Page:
Sunday, June 14, 2015

Something is always born of excess,

Hampton Beach: 4/13/15
CC Jean Stimmell

‘’Something is always born of excess,’ Anaïs Nin wrote in her diary in June of 1945 as she contemplated the value of emotional excess, adding: ‘Great art was born of great terrors, great loneliness, great inhibitions, instabilities, and it always balances them.”1

This quote really resonates with me. 

Not only did Anaïs Nin write this the year I was born, she could well have been writing about me. Not about me as great art, of course, but how much of my life has been consumed with great excesses. In a sign of the times, as a teenager – like Jack Kerouac, Allen Ginsberg, James Dean…all members of what became known as the Beat Generation, I, too, was a rebel without a cause who defied authority, wrote nihilistic poems, crashed cars, and drank to excess. 

It all stemmed from an unfulfilled, throbbing yearning, I couldn’t express at the time: feeling like a stranger in a strange land.

The 1960s became a time when we were able to rise against all we hated about the plastic, oppressively conservative decade of the 1950s. I was a committed social activist but, at the same time, seamlessly morphed into all the excesses of the 1960s, drugs, rock and roll and sex – with the added dividend of spending over a year in Vietnam.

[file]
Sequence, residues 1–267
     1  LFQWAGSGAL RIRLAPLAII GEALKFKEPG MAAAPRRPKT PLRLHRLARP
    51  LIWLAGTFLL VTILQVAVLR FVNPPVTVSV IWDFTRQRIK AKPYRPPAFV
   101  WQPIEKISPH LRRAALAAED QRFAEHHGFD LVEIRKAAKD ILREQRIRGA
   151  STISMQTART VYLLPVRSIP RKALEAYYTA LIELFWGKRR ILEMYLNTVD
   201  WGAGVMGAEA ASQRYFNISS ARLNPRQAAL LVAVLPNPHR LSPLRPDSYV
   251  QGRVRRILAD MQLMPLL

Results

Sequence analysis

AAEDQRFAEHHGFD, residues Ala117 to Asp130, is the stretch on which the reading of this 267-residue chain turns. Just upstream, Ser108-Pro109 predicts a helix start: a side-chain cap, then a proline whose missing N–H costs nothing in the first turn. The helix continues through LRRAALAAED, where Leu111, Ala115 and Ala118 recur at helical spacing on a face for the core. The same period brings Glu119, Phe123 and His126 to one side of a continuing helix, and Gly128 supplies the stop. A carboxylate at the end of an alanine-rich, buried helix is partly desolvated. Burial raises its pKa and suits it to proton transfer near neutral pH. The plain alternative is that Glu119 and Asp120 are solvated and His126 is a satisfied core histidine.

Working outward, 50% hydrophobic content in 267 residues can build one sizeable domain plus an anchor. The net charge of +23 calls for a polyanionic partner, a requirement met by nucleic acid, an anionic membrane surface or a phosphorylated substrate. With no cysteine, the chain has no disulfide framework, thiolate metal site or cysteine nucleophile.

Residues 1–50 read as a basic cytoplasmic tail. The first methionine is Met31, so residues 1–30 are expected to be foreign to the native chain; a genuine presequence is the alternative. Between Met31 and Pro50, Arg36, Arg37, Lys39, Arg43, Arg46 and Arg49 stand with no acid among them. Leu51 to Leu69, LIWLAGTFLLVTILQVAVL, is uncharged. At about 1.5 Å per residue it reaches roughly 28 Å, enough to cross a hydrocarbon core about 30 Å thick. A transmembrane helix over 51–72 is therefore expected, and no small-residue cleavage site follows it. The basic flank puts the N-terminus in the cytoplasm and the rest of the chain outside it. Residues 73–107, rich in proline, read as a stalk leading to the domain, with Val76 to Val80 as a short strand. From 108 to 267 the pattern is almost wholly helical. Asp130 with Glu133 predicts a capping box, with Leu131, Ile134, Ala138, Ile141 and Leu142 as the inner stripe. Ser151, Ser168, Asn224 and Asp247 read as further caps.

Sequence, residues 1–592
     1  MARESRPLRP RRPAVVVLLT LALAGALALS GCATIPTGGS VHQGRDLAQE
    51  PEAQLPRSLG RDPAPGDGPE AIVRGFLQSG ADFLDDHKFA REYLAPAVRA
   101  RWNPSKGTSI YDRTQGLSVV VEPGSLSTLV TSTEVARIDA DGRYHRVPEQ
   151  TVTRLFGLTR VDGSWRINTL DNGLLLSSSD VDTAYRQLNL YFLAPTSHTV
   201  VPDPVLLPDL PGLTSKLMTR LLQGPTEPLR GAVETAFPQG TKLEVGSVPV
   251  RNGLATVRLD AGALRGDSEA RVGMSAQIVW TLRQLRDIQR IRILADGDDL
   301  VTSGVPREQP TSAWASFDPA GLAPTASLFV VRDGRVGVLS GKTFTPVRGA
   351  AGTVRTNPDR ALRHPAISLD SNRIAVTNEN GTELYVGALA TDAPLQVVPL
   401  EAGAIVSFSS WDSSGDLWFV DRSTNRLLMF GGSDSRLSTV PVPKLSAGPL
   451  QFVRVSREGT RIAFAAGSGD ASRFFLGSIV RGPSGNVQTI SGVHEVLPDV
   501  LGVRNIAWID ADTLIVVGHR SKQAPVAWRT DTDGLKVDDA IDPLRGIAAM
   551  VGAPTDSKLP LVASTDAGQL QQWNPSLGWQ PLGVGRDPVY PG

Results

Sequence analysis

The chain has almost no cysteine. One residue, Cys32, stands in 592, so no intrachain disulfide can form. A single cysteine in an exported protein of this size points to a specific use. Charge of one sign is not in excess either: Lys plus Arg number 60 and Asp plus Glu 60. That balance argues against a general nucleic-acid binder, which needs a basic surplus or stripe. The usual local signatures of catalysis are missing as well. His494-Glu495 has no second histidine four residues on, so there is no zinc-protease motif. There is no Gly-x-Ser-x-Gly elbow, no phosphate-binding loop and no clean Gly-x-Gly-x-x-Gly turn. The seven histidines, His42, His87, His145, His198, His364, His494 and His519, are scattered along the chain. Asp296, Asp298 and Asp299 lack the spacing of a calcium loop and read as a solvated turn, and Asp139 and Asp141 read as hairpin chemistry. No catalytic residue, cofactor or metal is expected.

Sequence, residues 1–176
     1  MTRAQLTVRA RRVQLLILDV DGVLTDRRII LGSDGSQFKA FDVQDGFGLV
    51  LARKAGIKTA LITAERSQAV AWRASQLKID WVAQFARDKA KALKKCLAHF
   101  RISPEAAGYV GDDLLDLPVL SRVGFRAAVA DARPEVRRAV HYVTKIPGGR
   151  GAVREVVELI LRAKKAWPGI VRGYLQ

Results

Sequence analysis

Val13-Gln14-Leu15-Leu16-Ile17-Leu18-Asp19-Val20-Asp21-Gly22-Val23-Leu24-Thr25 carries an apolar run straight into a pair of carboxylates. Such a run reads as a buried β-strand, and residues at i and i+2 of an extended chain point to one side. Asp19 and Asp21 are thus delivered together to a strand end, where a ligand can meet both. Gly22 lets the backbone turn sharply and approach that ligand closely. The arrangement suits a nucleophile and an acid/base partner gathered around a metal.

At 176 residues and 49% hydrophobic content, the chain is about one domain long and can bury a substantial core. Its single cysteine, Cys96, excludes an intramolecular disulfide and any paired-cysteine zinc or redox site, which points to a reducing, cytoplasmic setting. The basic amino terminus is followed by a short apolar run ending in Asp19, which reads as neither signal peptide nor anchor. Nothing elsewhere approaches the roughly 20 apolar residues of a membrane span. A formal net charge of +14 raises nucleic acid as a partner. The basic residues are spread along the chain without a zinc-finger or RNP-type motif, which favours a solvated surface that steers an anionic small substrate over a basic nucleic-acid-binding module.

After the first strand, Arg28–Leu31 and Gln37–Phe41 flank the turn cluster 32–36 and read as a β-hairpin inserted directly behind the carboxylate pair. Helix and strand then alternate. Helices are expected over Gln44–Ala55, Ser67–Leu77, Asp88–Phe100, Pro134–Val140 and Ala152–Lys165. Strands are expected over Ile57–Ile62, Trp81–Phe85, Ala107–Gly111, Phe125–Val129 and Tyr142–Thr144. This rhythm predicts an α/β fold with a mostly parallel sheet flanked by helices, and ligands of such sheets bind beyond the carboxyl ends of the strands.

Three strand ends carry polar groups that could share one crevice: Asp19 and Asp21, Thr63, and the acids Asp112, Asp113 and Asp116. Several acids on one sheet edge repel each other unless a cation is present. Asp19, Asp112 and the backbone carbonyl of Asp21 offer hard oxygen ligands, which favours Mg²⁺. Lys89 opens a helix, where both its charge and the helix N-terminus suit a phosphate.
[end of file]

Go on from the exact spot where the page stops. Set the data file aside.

Reading Anais Nin’s words today has given me a valuable new lens through which to view my life. I can see now why it felt so liberating to act out with such excess and crazy zeal: An excessive reaction was psychologically necessary in order to balance out my “great terrors, great loneliness, great inhibitions, instabilities.”  

To wit: The great terrors of living in a meaningless world facing nuclear annihilation, The great loneliness of growing up in an outer directed society, as part of what David Riesman called the “Lonely Crowd.” The great inhibitions of living in a fear-based, emotionally repressed society. And the great instability of living ones whole life in a climate of fear starting with the godless threat of communism and now mutating into our endless war on terrorism.

Meanwhile, the only war we are winning is the war against Mother Nature – and we all know how that is going to end up.

[1]This quote came from Maria Popova’s Brainpickings today,  6/14/15
Post a Comment